Tuesday, 11 December 2012

Focused code reviews - a followup


I promised something more technical than book reviews, so here it goes.

Earlier I posted about how to limit the amount of code for day-to-day security reviews if the code base is huge. I took Confluence (I work for Atlassian) as an example. The application uses Webworks 2, and other frameworks. Source code is not entirely free or public, but you can get it if you have almost any kind of Confluence license. I will keep some details out of this example.

Here are some things to trigger security reviews on this codebase.

Java generalities

Monitor for these being added, but there is no urgent need to review code if any of these get removed by developers. The list in this section is Java generic (and incomplete) and can be used for other apps, the other sections are more Confluence-specific. You might not need to trigger on all of these strings. You can also try structures from the IntelliJ searches from another blog entry.
Class.forName
ZipFile
Statement
Math.random
sendRedirect
"SELECT "
java.sql.Statement
java.sql.Connection
executeQuery
Runtime.
java.lang.Runtime
getRequestURI
java.sql
BeanUtils.setProp
java.lang.reflect
...

Sanitizers

Monitor for disappearance of any sanitisers from your code. There are legitimate reasons for this - for example a sanitiser in a view disappears but the corresponding model starts escaping or filtering data.
htmlEncode
...others skipped...

Filters

Being a Webwork2 webapp, Confluence utilises a number of filters and interceptors. You can get a list of filters your application uses with something like
grep -Rh --include=*.xml "<filter-name" . |sed -e 's/<filter-name>//'|sed -e 's/<\/filter-name>//'|sed -e 's/^[ \t]*//' |sort |uniq
Review the list and decide which ones have important security function. Monitor any change mentioning interceptors (both in web.xml files and for any change of their source)
HeaderSanitisingFilter
SecurityFilter
...
SafeParametersInterceptor
PermissionCheckInterceptor
...

Annotations

Some of these are generic, some are Confluence specific. One way of getting a list of all annotations is
grep -Rh --include=*.java "^\s\+@" . |sed -e 's/^[ \t]*//'  |sort |uniq

Example of what to monitor for:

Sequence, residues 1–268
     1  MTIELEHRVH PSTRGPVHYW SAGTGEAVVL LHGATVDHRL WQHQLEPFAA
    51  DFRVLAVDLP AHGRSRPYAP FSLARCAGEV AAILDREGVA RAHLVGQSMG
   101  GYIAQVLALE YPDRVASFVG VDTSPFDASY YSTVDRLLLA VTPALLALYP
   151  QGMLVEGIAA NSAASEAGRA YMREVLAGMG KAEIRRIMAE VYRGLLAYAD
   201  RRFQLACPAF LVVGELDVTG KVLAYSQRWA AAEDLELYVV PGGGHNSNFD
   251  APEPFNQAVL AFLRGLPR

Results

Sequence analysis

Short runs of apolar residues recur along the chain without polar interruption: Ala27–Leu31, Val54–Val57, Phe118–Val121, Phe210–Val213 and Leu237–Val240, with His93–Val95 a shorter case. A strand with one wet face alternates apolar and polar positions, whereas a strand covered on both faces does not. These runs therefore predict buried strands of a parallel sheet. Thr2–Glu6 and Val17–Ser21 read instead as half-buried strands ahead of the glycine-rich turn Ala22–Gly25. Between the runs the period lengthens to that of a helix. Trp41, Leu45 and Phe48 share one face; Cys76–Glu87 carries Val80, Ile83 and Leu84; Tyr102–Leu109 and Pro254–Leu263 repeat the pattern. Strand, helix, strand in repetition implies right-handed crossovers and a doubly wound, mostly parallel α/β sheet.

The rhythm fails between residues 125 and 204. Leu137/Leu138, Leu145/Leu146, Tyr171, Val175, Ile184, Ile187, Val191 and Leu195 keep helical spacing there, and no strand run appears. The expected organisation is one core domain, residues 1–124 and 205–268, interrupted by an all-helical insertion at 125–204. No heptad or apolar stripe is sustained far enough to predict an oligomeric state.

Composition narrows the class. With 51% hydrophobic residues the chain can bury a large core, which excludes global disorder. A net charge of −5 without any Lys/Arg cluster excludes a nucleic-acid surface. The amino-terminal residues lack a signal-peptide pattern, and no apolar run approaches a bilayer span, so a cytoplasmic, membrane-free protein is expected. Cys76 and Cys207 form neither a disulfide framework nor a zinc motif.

@AnonymousAllowed
adding
@GET
adding
@POST
adding
@HttpMethodRequired
any change
@ParameterSafe
removal
@Path
adding
@RequireSecurityToken
removal
...

XML config files (new endpoints)

Action mapping etc - they introduce new URL endpoints. Monitor for adding, not removal.
"<action name" 
...

Other XML

Any change mentioning your filters or interceptors in web.xml, for example
<filter-name>header-sanitiser
<filter-name>request-param-cleaner
<filter-name>login
<interceptor-ref name="params"/>
<interceptor-ref name="permissions"/>
<interceptor-ref name="xsrfToken"/>
<interceptor-stack name 
...

Files and path

Look for any change in files used to implement crucial security features - login, session management, authorisation, sanitizers, CSRF protection and so on. 
confluence-core/confluence-webapp/src/main/webapp/WEB-INF/web.xml
confluence-core/confluence/src/etc/standalone/tomcat/web.xml
confluence-core/confluence/src/java/com/atlassian/confluence/security/login/*
confluence-core/confluence/src/java/com/atlassian/confluence/rpc/auth/*
confluence-core/confluence/src/java/com/atlassian/confluence/security/*
...
Monitoring for any web.xml changes is probably an overkill, you will catch interesting stuff with the items from other sections above).

Monday, 10 December 2012

Everyone says do what you love, but what is it?


Hmm, this may be turning into a book blog... Stay tuned, I'll be posting less fluffy stuff as well.

It is a familiar phrase - "do what you love", and it has been repeated over and over again at several hacker/security cons all over the world. I do not know about you, but it took me some time to sit down and figure out what I love. Being a book nerd, I picked up Business Model You for some inspiration. It is a strange book, somewhat an offshoot of a very successful (apparently) book Business Model Generation and applies the same framework to individuals instead of businesses.